Back on the stone wall…
It was really getting quite dusky now, time was not on our side. And my toes were starting to protest the cold. Dad however was still on point, showing absolutely no indications of discomfort or lack of concentration. But his eyes were definitely showing the look of impatience when he would more and more frequently turn his gaze away from the tree line and down toward his more and more fidgety son.
By now it was just too dark to continue hunting.
“Time to go home son.”
After ejecting the round from the chamber and removing the clip from the .308, it was safe to climb down from the rock wall.
On the way back to the pickup I feebly told Dad that I really enjoyed going hunting with him, although I had no idea if he felt the same way. I was really fishing, fishing for a reply in kind but none came.
Great I’m thinking. He knows I’m not ready for prime time and it’ll be a long time before he lets me come along again…if ever.
Even though it was a relatively short walk from the field to the pickup, by the time we got into the cab it was really quite dark. I guess I hadn’t realized how quickly the light was fading back there on the wall. Disregarding that small factor, I remember feeling a fair amount of guilt for my responsibility of spoiling the hunt. It just had to have been my fault that no deer had been taken on this cold November afternoon but I sure as heck wasn’t going to say anything about it. I was just going to sit quietly for the ride home in the warm cab of that old F-100. It wasn’t long before I was surrounded, and hopefully shielded by, a cloud of Prince Albert smoke, billowing from Dad’s pipe. Maybe if I was lucky I could just melt away into the smoke like a bell buoy fading from sight in a fog bank.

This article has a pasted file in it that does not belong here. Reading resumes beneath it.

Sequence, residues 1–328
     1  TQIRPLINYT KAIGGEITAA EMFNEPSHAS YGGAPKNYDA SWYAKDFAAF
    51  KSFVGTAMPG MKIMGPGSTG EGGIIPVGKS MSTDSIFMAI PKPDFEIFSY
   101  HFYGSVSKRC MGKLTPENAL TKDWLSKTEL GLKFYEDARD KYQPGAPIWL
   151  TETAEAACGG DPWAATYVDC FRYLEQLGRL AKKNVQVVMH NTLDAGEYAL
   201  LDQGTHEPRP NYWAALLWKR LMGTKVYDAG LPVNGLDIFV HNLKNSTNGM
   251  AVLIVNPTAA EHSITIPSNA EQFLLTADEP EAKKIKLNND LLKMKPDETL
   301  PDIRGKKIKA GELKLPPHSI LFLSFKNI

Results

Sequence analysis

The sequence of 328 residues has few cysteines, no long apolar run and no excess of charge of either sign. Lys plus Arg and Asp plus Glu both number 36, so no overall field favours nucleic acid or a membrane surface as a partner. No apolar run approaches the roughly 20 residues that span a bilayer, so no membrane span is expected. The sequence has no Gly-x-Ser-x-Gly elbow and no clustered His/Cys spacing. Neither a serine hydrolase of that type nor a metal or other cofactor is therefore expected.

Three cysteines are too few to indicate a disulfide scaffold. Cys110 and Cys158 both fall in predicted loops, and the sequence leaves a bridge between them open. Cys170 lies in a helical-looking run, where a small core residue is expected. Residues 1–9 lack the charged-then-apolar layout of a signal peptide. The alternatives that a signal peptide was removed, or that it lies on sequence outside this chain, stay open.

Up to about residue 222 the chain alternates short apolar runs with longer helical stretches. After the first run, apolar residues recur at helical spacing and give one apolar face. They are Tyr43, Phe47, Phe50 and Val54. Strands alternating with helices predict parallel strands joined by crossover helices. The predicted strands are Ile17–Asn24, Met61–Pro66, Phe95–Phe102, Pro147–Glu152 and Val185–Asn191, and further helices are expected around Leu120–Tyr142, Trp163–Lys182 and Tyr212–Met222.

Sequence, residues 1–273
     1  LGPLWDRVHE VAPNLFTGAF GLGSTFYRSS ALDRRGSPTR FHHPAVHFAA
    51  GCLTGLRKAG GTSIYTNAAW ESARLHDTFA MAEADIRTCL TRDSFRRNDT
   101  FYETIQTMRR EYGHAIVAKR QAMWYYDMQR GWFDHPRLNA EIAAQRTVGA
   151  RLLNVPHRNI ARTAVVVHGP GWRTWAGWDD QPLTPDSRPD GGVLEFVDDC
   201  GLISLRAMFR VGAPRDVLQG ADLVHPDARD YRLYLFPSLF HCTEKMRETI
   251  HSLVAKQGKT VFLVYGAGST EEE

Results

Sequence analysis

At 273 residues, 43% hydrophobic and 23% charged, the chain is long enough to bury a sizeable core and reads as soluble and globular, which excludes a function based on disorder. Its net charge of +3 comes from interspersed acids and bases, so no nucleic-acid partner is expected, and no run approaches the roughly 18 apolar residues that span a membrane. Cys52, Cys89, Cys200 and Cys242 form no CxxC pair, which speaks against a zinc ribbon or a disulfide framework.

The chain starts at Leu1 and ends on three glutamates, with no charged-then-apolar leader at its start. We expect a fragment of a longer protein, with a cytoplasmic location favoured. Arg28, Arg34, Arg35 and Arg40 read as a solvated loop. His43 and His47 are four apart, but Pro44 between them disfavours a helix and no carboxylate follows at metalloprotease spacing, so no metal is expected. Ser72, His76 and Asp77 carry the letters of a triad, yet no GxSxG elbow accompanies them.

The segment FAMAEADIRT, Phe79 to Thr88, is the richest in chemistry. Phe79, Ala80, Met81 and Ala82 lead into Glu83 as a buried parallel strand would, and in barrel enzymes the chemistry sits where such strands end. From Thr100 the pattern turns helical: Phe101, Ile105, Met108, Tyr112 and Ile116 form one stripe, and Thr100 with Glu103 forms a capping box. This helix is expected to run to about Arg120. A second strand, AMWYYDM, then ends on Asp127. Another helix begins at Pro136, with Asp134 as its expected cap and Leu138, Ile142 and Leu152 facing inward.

After a few minutes of silence Dad decided to break the ice and asked if I was disappointed that we didn’t “get our deer”.
Of course I was, but just accompanying him was one of my childhood dreams come true. I really didn’t know what to say, afraid of telling him the truth, afraid of saying the wrong thing and not ever going hunting with him again. But not waiting for my answer he simply said, “next time.”
And there was a next time and more after that. Some of those times Dad would bag a deer, sometimes not. But on one of those next times, even I would get one, my first. It’s one of “those”childhood memories, the ones that sear themselves into a young person’s mind. And along with that memory branded into my brain is the crystal clear image of the grin on my ol’ man’s face.